I will give one example of how confused people are about the processes occurring before this parliament. A senior member of a religious community said to me that the Senate committee asked them for further information, but it reported before it was even possible to receive such. So that everyone can be clear, that was because of the time frame this government and the Australian Greens put on that inquiry. I've made these points previously in a discussion on a matter of public interest and I've made the comments I'm making now in the discussion on the Greens bill, but I should reiterate the rush here was of the government's own making. But, even worse than that, in the absence of Senator Macdonald they colluded with the Greens to create a farcical time frame that could only lead us to where we are now. Whether they were creating subterfuge to do nothing, who knows? The motivations of this government are very hard to understand.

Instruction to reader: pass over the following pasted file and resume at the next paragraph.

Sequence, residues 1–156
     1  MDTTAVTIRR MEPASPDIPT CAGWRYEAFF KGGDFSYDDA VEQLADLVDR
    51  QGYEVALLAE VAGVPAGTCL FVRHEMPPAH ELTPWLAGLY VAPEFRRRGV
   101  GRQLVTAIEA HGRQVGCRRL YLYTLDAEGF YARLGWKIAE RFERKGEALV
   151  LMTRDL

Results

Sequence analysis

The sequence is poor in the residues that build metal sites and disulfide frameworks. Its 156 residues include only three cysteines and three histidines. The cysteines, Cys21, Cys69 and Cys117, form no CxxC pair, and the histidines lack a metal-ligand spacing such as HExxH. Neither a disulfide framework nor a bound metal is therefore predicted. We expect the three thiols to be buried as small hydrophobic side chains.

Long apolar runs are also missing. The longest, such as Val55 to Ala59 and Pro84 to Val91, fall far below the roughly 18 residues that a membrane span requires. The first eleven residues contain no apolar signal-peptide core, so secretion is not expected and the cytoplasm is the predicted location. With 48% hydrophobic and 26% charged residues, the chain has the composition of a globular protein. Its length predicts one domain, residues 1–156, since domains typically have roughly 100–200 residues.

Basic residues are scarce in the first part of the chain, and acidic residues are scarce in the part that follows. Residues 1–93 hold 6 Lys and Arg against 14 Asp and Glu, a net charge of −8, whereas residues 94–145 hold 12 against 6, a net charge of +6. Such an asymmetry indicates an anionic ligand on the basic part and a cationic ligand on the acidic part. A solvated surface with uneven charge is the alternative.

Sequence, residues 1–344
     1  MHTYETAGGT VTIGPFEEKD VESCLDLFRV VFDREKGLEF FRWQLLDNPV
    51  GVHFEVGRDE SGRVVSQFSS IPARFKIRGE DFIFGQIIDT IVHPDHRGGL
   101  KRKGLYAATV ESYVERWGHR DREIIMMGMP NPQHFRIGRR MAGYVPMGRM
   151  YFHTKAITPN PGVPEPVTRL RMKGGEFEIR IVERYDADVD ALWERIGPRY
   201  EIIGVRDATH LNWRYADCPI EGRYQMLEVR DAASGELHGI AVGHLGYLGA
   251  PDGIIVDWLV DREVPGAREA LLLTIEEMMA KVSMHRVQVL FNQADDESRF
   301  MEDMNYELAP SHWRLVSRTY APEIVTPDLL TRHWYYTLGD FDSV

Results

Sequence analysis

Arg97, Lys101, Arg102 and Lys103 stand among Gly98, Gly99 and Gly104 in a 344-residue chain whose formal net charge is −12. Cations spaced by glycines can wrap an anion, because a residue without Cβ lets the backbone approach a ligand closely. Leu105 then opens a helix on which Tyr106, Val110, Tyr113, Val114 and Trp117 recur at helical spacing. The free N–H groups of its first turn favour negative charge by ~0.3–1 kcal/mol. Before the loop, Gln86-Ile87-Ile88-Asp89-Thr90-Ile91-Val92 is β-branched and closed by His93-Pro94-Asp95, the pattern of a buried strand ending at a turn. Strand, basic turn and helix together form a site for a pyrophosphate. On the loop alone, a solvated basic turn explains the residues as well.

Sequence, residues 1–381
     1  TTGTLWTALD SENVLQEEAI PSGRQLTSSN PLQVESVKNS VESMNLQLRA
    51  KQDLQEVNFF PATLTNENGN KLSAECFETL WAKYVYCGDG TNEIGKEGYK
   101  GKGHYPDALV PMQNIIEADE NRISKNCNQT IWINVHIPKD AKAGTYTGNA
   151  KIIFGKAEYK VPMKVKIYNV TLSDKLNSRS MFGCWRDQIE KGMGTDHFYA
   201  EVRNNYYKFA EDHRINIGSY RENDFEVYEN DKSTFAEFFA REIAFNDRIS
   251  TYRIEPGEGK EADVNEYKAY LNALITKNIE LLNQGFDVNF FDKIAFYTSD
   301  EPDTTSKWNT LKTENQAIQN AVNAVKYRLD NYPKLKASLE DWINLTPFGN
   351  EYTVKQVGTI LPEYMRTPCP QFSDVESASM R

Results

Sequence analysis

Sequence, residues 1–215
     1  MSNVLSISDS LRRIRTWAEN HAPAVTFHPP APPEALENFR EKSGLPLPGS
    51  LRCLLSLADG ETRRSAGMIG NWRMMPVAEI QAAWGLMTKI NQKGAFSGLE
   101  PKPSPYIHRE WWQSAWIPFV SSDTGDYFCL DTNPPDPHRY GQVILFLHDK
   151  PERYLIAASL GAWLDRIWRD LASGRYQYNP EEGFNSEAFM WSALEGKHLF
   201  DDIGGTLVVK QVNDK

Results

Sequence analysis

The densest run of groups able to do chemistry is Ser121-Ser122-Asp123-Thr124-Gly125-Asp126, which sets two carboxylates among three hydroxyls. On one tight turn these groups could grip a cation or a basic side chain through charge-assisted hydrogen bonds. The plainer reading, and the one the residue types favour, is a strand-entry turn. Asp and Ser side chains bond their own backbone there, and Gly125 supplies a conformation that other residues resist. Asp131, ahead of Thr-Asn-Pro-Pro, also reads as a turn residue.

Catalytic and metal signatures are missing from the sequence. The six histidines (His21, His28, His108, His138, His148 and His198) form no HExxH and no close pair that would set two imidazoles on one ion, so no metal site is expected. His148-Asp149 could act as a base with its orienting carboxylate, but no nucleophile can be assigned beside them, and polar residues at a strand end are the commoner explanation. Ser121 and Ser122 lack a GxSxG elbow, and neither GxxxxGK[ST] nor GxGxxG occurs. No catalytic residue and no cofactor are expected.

Let's look at the government's bona fides on this issue, because close examination shows how dishonest and insincere they have been from the very beginning. Firstly, we have the Prime Minister today accusing Labor of acting in bad faith. Who would have thought any responsible government or governing party of the day would act in this way? It is outrageous. At this point, a brief history lesson is required. It was in mid-November last year, in the midst of the parliamentary debate about same-sex marriage, that we started discussions around the important issues of religious freedom. It was then that Prime Minister Malcolm Turnbull kicked the can down the road. On establishing a positive right to religious freedom he kicked the can down the road and took with him whatever numbers there might have been from the government side to support amendments, and we had to wait longer to address those issues. Announcing that Mr Ruddock would head an expert panel and conduct an inquiry had the result that government senators lost sufficient support for their amendments. So nothing happened way back then, and it was not other senators' doing that generated this. It was that of the government of the day and the Prime Minister of the day.